The shadow Scottish secretary has said “all bets are off” regarding Labour’s chances in next year’s Holyrood elections.
Ian Murray, the only Labour MP in Scotland, said there could be a “re-calibration” in the priorities of Scottish voters following the coronavirus outbreak.
The perspective of the Scottish electorate could change following the pandemic, the Edinburgh South MP believes, shifting away from the constitutional issues which have featured in recent elections north of the border.
He said: “I feel that what this crisis has done from a political perspective is re-calibrated everyone’s focus on what’s important.
“That’s about community, public services, the security of the world of work, the fragility of the economy, education, what’s most important to families and businesses across the country.
“What this crisis hasn’t shown, is that arguments around the constitution help anyone.”
Mr Murray said the Scottish Labour Party would need to do three things to boost their chances in the poll.
Firstly, they would need to be clear on their position on Scottish independence, along with providing an alternative – with senior party figures in Scotland and the rest of the UK favouring a federal style of governance.
They would also need to “relentlessly expose” why the Scottish Labour Party was against the idea of independence.
The shadow Scottish secretary said that Scottish leader Richard Leonard had a “real opportunity” in next year’s election with a new deputy leader in Dumbarton MSP Jackie Baillie and a new leadership at UK level.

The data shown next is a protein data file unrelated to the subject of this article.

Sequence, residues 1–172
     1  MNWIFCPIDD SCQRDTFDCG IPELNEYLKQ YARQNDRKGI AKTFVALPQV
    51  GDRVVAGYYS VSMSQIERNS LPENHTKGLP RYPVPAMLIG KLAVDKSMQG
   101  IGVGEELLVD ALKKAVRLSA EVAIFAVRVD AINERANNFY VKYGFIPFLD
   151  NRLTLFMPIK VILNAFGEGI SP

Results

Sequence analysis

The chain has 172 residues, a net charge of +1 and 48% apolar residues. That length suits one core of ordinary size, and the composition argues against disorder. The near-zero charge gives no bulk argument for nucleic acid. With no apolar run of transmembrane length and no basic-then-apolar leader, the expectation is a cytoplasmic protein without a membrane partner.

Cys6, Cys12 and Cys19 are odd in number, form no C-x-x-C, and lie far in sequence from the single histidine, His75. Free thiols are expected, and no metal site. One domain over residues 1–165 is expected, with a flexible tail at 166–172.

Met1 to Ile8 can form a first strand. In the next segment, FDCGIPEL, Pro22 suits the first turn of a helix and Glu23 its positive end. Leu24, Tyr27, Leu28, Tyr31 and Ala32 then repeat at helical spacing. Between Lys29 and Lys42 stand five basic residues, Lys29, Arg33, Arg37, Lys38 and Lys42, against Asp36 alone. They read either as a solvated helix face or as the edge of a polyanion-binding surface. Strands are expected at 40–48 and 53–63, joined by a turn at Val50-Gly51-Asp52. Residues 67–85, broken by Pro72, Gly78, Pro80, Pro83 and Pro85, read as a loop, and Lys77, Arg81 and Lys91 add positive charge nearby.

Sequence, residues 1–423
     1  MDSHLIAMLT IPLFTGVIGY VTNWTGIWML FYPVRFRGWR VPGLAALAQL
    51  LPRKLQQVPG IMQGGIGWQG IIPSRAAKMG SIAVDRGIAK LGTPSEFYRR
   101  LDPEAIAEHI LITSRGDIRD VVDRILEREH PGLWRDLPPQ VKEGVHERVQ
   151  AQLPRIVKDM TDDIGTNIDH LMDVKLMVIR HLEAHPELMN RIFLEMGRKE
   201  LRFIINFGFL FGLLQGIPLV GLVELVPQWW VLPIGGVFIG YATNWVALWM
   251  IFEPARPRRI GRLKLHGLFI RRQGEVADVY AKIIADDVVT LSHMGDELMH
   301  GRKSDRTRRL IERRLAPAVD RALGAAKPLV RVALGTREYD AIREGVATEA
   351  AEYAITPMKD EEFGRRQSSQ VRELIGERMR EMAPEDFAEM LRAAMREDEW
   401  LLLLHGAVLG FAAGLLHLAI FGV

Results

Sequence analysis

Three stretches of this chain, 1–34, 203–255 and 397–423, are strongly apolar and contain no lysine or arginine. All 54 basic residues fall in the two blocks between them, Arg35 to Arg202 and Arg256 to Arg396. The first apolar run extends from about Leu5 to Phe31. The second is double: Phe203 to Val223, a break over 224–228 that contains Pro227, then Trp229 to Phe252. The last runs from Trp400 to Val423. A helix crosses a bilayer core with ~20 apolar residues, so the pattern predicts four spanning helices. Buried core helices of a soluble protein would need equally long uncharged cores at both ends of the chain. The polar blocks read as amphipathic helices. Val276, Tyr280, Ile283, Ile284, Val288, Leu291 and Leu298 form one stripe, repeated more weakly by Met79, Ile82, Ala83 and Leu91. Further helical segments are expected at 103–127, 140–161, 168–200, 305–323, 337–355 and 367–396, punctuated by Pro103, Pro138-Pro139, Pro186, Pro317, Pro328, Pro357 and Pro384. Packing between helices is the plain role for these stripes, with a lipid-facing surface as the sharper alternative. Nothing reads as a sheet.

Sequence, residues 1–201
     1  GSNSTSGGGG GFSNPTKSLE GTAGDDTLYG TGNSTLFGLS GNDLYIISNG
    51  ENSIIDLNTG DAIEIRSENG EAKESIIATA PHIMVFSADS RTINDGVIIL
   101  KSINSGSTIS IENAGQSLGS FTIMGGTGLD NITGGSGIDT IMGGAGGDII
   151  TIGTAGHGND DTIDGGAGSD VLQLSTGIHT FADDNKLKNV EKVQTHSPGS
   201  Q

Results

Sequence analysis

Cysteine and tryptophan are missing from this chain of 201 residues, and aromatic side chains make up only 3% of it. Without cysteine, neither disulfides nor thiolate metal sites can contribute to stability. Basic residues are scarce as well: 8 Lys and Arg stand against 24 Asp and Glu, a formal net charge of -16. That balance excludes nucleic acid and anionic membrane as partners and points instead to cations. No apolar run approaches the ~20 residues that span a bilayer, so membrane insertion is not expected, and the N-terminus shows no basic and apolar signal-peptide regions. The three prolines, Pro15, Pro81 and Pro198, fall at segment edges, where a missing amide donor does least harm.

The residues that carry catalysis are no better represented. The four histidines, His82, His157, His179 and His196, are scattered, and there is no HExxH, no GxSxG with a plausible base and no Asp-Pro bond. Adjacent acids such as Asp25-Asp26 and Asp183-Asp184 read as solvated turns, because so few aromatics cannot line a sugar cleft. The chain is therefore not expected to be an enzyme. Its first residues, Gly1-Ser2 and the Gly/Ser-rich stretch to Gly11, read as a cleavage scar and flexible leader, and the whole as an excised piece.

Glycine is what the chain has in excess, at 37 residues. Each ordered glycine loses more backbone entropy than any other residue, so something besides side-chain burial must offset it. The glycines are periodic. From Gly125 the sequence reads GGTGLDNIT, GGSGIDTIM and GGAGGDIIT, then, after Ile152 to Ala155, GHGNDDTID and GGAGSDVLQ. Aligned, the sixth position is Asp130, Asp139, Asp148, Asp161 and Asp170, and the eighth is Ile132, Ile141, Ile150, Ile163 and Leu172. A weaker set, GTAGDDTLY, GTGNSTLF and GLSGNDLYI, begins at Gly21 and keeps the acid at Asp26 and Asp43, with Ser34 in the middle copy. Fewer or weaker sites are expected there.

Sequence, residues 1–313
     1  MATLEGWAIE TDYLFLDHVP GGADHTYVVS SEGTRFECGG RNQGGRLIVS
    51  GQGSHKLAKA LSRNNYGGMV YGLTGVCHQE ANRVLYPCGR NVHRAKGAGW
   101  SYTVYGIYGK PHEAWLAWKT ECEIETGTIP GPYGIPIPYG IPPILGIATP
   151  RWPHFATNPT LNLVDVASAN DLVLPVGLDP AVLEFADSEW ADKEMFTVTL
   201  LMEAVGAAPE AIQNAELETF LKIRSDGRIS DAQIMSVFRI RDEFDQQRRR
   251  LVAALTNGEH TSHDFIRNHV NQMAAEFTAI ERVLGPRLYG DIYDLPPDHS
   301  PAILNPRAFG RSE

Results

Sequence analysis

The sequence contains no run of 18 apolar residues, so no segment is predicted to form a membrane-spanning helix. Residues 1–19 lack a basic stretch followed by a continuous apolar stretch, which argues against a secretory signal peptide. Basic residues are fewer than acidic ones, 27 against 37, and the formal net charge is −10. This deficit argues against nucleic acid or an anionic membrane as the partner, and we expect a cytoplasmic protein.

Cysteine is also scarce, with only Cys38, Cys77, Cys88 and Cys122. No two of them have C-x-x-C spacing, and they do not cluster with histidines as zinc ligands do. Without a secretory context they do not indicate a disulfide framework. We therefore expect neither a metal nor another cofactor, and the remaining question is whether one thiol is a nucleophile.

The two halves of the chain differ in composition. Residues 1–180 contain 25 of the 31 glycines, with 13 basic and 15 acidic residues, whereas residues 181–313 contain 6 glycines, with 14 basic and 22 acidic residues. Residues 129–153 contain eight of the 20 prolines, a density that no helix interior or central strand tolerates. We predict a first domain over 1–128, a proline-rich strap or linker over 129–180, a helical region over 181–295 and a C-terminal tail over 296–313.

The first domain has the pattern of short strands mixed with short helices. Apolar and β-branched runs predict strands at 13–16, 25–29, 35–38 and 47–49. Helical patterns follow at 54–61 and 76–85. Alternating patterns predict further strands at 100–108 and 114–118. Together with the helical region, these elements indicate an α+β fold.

He added: “The conversations I’ve had with various people in the Scottish Labour Party has shown everyone is up for that fight.”
At December’s election, Labour dropped six seats north of the border on a night that saw the Tories race to an 80-seat majority, a result Mr Murray said was the fault of UK leaders and not Mr Leonard.
He said: “Was Richard responsible for this campaign? You can argue strongly that he wasn’t, for a number of reasons.”
One of those reasons, according to the MP, was the intervention of John McDonnell during the summer of 2019, which saw the then shadow chancellor say a Labour government would not block a second vote on independence despite the anti-referendum position of Scottish Labour.
Another cause of the loss in Scotland, he said, was the lack of clarity from Jeremy Corbyn on whether he would do a deal with the SNP.
Mr Murray said: “I don’t think that was ruled out by the UK Labour Party as quickly and as emphatically as it should have been.”